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Brazil’s interim president is almost as unpopular as Dilma Rousseff was

The first major poll to evaluate support for Michel Temer has given him an approval rating of just 13 percent. Rousseff set an historic low of 10 percent in March.

by VICE News
Jul 1 2016, 5:40pm

Imagen por Eraldo Peres/AP Images.

The first major poll to evaluate support for Brazil's acting president, Michel Temer, has given him an approval rating of just 13 percent.

Temer took office seven weeks ago after the senate suspended Dilma Rousseff from the presidency, pending an impeachment trial for alleged creative accounting.

The survey, carried out by CNI/Ibope and published on Friday, suggests the new president is now almost as unpopular as Rousseff was when her ratings hit an historic low of 10 percent in March.

These dismal figures — which also found that 66 percent of those questioned said they distrusted Temer — reflect the depth of Brazilian wariness of the country's entire political class.

Over the last couple of years, a massive anti-corruption investigation into kickbacks emanating from the state-run oil company Petrobras has brought down leading figures from all Brazil's major political parties, and raised suspicions about many more.

The probe — known as Lava Jato, or Car Wash — has directly tainted several members of Temer's own cabinet, just as it did close associates of Rousseff.

With the investigation showing no sign of slowing down, politicians are struggling to convince the public that they can lead Brazil into a more ethical era.

Related: Brazil's New President Loves Appointing White Men Accused of Corruption and Attempted Murder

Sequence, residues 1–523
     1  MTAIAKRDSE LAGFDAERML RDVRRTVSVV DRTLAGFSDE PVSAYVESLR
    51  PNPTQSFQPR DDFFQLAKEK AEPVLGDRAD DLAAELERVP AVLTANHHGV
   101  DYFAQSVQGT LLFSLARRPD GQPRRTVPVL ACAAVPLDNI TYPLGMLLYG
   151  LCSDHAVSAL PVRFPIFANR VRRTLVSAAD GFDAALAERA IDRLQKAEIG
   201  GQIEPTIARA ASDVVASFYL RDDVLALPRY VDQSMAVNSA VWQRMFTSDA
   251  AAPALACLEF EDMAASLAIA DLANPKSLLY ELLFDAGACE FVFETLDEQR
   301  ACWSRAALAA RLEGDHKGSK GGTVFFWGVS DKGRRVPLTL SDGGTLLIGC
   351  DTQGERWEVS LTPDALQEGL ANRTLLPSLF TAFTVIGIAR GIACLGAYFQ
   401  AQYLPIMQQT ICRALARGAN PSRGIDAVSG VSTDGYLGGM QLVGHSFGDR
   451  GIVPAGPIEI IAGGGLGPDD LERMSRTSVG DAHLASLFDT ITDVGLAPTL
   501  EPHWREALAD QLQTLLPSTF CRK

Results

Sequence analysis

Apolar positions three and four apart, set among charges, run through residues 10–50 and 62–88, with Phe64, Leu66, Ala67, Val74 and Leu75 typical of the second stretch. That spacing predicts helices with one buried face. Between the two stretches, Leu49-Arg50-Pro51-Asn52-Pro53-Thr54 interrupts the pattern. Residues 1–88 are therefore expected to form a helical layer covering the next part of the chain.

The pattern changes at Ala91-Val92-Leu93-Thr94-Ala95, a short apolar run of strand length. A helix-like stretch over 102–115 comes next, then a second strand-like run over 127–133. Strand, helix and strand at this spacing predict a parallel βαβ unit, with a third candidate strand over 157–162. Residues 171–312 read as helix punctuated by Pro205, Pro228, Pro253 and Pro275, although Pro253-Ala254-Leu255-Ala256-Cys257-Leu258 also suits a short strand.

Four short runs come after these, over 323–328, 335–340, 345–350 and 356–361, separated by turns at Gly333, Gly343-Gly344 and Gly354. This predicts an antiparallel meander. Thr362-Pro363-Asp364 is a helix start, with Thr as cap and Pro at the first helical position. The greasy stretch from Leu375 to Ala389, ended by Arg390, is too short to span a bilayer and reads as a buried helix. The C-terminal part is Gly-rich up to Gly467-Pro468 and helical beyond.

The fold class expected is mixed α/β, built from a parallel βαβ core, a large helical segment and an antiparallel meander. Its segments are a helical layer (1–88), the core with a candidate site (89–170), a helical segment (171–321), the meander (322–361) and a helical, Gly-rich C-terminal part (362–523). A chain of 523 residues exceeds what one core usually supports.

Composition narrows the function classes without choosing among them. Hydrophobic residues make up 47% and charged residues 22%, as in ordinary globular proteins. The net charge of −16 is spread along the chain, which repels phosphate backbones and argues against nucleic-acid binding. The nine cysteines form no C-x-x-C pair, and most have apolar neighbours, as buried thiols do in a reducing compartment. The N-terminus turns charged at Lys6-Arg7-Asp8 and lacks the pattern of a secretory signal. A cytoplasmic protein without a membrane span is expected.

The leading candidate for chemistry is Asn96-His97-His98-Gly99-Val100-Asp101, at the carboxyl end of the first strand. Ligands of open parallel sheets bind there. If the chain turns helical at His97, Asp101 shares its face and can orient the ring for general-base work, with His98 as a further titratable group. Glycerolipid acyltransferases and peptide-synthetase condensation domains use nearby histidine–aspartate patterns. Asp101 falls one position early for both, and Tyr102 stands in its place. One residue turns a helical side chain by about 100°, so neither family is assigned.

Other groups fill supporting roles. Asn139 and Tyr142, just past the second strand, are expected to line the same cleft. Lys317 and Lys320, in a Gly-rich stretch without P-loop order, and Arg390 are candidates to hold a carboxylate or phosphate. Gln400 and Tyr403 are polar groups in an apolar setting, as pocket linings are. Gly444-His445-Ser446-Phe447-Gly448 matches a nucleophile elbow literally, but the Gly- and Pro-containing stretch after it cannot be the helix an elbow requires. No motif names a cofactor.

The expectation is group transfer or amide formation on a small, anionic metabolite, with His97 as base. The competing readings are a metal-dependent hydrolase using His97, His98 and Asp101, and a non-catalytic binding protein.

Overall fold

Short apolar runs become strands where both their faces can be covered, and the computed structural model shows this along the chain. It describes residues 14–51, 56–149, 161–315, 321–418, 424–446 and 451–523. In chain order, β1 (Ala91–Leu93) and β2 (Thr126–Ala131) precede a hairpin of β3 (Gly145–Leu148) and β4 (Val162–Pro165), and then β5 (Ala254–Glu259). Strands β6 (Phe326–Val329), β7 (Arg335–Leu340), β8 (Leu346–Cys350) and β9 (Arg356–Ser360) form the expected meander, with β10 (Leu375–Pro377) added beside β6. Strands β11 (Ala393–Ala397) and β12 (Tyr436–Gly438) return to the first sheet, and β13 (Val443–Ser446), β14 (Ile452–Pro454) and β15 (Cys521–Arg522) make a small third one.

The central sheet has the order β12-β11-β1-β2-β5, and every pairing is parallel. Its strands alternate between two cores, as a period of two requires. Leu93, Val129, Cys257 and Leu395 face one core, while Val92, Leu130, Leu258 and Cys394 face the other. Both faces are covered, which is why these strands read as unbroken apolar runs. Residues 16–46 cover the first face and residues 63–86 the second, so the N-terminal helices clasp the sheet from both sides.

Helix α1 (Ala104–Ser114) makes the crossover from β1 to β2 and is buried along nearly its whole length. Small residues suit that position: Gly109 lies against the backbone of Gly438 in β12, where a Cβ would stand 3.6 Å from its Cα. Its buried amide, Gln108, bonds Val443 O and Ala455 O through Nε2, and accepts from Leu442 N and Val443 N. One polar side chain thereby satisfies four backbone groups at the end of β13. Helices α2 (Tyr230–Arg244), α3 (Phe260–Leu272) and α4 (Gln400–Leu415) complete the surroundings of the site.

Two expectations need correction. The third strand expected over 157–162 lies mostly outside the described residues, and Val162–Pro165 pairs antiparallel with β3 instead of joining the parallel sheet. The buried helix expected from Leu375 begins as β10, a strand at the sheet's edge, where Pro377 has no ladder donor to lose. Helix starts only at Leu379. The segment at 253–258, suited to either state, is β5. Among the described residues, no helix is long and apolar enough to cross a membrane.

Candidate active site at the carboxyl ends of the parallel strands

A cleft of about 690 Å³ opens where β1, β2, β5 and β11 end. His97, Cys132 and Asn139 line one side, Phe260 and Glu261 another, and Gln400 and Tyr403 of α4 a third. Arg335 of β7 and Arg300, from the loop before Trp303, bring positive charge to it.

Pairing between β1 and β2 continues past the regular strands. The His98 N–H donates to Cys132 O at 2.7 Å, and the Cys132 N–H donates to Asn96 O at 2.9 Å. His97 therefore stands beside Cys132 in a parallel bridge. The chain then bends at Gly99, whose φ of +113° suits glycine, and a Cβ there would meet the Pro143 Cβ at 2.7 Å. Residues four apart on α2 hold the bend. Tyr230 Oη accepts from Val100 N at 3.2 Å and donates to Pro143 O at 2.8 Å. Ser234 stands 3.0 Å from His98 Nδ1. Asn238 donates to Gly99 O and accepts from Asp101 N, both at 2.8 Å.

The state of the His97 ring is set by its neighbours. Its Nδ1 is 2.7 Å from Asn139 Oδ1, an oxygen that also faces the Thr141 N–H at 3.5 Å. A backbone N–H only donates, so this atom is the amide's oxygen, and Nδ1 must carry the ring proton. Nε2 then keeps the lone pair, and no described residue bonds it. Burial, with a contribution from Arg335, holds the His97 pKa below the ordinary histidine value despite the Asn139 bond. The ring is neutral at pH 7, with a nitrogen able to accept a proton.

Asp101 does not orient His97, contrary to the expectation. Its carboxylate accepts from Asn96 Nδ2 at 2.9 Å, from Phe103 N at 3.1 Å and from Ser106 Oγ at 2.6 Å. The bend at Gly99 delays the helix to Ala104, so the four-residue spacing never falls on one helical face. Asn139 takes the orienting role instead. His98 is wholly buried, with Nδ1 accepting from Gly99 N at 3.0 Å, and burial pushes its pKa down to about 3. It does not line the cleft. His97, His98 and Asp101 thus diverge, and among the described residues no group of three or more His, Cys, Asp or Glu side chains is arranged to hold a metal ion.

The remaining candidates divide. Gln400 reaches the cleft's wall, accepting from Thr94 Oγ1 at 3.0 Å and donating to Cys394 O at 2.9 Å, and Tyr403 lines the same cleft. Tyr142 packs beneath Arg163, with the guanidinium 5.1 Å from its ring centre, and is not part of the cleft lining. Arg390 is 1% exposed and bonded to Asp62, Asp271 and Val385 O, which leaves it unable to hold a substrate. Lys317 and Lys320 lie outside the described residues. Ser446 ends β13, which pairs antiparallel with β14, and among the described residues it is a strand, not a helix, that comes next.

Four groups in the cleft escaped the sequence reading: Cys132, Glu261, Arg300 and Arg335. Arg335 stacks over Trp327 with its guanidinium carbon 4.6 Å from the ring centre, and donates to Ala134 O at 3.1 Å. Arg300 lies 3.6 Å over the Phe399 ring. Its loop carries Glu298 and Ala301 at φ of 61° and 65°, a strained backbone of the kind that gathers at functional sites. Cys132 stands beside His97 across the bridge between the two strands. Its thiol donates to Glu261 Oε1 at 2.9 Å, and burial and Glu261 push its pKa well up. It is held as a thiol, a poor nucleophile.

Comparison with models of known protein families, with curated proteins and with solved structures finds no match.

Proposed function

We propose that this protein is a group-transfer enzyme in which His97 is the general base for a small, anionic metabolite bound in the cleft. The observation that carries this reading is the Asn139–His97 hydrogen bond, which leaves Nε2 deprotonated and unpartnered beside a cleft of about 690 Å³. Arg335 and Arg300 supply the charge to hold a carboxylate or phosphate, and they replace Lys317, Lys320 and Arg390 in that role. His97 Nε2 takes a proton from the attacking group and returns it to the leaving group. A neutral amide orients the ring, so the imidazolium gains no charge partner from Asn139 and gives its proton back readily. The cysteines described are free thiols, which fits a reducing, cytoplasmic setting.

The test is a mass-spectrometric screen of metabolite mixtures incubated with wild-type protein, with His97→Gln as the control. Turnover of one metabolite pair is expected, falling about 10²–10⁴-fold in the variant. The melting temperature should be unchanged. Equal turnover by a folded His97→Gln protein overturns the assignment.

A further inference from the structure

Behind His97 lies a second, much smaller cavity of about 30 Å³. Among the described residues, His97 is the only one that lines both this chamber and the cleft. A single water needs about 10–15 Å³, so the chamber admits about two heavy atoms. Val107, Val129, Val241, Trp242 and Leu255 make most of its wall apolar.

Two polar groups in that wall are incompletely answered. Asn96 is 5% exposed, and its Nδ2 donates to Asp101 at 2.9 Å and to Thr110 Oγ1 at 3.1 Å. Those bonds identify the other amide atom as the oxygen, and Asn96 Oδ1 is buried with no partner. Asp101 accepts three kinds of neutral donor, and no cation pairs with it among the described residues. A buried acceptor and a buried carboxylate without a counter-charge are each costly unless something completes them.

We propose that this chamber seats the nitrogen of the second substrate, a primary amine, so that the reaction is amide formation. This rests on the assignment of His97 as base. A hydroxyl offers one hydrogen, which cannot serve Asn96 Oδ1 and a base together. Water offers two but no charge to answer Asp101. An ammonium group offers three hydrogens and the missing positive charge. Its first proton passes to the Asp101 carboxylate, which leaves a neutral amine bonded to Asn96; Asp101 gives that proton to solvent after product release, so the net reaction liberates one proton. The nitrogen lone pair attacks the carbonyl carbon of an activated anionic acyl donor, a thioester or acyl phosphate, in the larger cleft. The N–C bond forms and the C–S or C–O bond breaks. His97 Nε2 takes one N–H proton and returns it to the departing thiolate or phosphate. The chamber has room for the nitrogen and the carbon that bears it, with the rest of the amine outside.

This Friday Temer signed a law that seeks to make kickback scams harder to set up by banning politicians from jumping into high-ranking jobs in state-controlled companies. Government sources told Reuters that legislators are seeking to reach an agreement to soften the ban.

Temer's unpopularity is also presumably related to recent public spending cuts in the context of Brazil's deep recession. The veteran lawmaker, who was Rousseff's vice president, has also been lambasted for his appointment of an all male and all white cabinet.

In other circumstances, the sitting president would be looking forward to a boost when Rio de Janeiro hosts the Olympics in one month's time.

But this year's games are beset by financial problems, accusations of graft, and concern over the threat of the Zika virus. What's more, Rousseff's inevitably controversial impeachment trial is due to take place at the same time.

Related: Savior or Villain? A New Leader Steps Into the Scandal-Plagued Brazilian Presidency

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